By 2030 the world should achieve universal health coverage (UHC). In plain English UHC means that financial risk protection, access to quality essential healthcare services and access to safe, effective, quality and affordable essential medicines and vaccines will be provided to every single person on the Earth.

Universal health coverage was decided as a global goal by the 194 UN Member States in September 2015 as part of the 2030 Agenda for Sustainable Development. Today, 3rd of December, at the Patient Solidarity Day, it is important to put this goal in the spotlight and remind ourselves that no one should be left behind.

Yes, “Leave no one behind” is also the theme of the Patient Solidarity Day this year. As a member of the International Alliance of Patients’ Organizations and an organization aiming to empower patients all around the world, FindMeCure is more than committed to the believe that access to healthcare is a basic human right. Therefore, the future of healthcare must be patient-centered and solutions should evolve partly from those the solutions are meant for.  This requires everyone working together in harmony.

Before getting to this future, though, the key players – patients, activists, NGOs, governments, healthcare providers and pharma companies, need to become aware of the numerous challenges lying ahead.

  1. Patients need functioning health facilities within reasonable proximity of their homes and livelihoods

If there is no convenient place to receive healthcare, patients are less able to access the medicines they need. In many countries, existing physical healthcare infrastructure is insufficient to reach much of the population with medicines and services.

Approximately 70% of the world’s poor live in rural areas. When healthcare is far away or transportation systems are inadequate, lack of access results in negative health outcomes.  This barrier is particularly acute for diseases requiring specialized care such as cancer.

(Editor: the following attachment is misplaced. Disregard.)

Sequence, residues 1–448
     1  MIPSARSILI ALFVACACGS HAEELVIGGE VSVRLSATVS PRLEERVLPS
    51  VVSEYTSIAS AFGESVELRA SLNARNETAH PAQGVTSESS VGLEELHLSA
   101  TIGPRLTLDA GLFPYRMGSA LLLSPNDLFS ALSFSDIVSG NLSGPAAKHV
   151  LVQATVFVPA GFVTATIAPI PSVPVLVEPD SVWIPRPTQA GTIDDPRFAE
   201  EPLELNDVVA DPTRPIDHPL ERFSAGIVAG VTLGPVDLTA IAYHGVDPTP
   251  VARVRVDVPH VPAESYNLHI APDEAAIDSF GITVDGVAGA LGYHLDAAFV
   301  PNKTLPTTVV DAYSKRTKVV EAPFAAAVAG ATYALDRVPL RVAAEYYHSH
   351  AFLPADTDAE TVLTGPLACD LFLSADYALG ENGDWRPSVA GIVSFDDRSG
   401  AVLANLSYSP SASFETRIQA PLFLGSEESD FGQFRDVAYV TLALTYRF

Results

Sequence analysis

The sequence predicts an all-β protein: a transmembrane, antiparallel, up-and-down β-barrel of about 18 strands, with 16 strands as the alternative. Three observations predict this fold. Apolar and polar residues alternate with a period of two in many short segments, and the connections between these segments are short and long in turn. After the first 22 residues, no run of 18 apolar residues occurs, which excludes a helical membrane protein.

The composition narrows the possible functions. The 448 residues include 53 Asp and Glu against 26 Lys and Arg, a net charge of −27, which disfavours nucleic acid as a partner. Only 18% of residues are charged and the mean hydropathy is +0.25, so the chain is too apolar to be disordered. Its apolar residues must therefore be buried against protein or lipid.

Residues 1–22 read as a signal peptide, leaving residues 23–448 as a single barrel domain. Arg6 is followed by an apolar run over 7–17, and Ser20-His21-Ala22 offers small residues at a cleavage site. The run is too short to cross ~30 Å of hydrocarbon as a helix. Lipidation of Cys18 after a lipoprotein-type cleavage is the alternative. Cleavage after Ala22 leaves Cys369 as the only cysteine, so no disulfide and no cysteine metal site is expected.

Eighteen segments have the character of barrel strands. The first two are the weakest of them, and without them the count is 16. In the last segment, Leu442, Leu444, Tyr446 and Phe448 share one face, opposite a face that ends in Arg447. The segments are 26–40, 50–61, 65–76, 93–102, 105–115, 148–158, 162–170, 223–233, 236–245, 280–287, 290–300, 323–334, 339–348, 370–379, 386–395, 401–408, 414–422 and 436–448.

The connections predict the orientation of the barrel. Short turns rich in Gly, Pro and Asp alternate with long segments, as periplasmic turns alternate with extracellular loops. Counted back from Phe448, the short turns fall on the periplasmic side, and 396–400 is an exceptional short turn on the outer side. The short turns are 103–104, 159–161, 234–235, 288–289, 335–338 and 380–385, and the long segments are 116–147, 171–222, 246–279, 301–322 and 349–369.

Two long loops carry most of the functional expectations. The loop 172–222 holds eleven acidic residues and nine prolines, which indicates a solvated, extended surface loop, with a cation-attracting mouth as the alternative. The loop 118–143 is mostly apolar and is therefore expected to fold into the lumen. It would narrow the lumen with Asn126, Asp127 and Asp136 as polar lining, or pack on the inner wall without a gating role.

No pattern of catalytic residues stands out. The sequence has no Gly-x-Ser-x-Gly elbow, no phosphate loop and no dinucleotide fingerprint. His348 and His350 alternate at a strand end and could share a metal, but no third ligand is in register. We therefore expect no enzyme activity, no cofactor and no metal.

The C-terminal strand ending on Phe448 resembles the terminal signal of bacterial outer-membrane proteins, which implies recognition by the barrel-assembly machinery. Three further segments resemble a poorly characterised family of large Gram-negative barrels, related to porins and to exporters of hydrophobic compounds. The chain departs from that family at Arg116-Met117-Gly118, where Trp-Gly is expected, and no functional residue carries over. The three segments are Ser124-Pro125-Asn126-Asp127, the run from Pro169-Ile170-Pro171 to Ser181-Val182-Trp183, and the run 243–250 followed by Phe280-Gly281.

For example, Ethiopia, a country of some 90 million people, is served by a single radiation treatment center located in the capital of Addis Ababa.

  1. Supply Chains. Patients should be able to fill prescriptions for quality medicines without experiencing delays or interruptions in their treatment.

If medicines cannot reach remote areas, patients are less able to access them. A 2009 survey of 36 countries found that 15 common generic medicines listed on the WHO Essential Medicines List are frequently unavailable in either the public or private sectors, with regional availability ranging from 29% in Africa to 54% in the Americas.

  1. Trained Healthcare Workers. Patients should be treated by well-trained doctors, nurses and healthcare workers, without unreasonable delay

A 2013 WHO report found a shortfall of more than seven million healthcare workers worldwide, and projected that number to rise to 13 million by 2035. More than 80 countries currently fail to meet the basic threshold of 23 skilled health professionals per 10,000 people.

  1. Healthcare Financing. Patients should be able to obtain the care and medicines they need without experiencing catastrophic financial losses

For the last decade, India’s investment in health as a percentage of its GDP has averaged around 4%, despite its large domestic generic drug industry. There are also low levels of spending on health in ASEAN, with most countries in the region allocating less than 5% of GDP as expenditure on health in 2012.

  1. Patient Education. Patients should be informed about their conditions and empowered to make educated decisions about their treatment care

Approximately 50% of patients do not take their medications as prescribed, due to low health literacy and lack of involvement in the treatment decision-making process.

Share this article to raise awareness and make more people involved in patients’ rights. After all, we are all patients at some point of our lives, right?

Sources:

WHO, IAPO

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